Metastatic progression of ovarian cancer through the peritoneal fluidic microenvironment is mediated predominantly by tumor cell clusters known as spheroids. Such spheroids also comprise the cells’ extracellular matrix (ECM). Spheroids with lumen, often seen in malignant ascites, are associated with a basement membrane (BM)-like coat. Herein, we combine microfluidics with high-speed time-lapse videography and imaging analysis to investigate the consequences of lumen formation and the BM coat on the architecture and integrity of ovarian cancer spheroids providing architectural robustness to the transitory ovarian cancer metastatic niche within constrained flow spaces. Upon transit through spatially constrained environments, lumen-less ‘moruloid’ spheroids deform followed by an incomplete and temporally extended (∼4.8 s) recovery. The transit causes intercellular rearrangement during entry and shows susceptibility to cellular disintegration. On the other hand, lumen-containing ‘blastuloid’ spheroids exhibit minimal intra-spheroidal rearrangements. They exhibit a lower tendency for disintegration and quickly (∼1.5 s) recover their morphology upon exit. Significantly, removing the blastuloid BM through collagenase treatment reverts the mechanical behaviors of these spheroids to those typifying their moruloid counterparts. Simulations using an experimentally calibrated Cellular Potts model predict the requirement of higher intercellular adhesion for blastuloid behavior, which we confirm through increased E-cadherin expression in blastuloid spheroids. Surprisingly, E-cadherin expression is dependent on the BM coat, elucidating the latter’s role in enhancing cell-cell adhesion. Our results show how spheroidal matrix engenders lumen formation and higher intercellular adhesion, in turn providing architectural robustness of the transitory ovarian cancer metastatic niche within constrained flow spaces.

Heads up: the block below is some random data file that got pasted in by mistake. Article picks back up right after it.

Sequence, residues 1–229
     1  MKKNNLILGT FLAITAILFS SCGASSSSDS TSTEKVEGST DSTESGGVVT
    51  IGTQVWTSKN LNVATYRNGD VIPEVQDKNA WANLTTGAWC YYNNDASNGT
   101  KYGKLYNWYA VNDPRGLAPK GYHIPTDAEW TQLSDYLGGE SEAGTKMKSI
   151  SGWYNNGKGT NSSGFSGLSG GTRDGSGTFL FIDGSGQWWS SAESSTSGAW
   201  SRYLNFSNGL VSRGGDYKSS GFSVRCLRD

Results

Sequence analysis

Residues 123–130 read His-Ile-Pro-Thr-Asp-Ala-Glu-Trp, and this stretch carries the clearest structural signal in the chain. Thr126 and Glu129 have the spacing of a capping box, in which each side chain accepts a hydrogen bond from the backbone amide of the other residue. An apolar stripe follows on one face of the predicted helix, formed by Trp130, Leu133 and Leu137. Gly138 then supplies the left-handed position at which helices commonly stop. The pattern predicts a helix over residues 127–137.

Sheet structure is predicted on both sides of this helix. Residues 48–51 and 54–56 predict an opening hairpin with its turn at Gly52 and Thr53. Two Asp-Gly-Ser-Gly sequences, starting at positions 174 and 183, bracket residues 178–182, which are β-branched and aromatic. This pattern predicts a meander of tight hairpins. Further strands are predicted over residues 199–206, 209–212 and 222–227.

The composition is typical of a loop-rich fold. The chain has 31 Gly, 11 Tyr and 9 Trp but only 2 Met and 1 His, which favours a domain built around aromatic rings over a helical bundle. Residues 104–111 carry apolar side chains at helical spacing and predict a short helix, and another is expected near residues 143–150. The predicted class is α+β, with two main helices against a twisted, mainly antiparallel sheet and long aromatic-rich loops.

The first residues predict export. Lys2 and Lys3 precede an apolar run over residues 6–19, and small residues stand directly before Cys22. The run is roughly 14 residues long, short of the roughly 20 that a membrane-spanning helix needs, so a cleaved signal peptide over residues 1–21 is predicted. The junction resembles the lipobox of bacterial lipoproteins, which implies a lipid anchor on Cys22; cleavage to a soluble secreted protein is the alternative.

Investigating the mechanical and biophysical properties of disseminated ovarian cancer spheroids is instrumental to our understanding of their metastatic progression. We take a microfluidics-based approach to investigate the biophysical contributions of a key spheroidal constituent: basement membrane-like extracellular matrix, which is typical to hollow ‘blastuloid’ spheroids, distinguishing them from the solid ‘moruloid’ spheroids. We observe using high-speed videography, imaging analysis and multiscale computational modeling that the basement membrane renders blastuloid spheroids less deformable and resistant to disintegration than moruloid spheroids. We trace this function to jamming of cells between the blastuloid lumen and basement membrane, and high intercellular adhesion.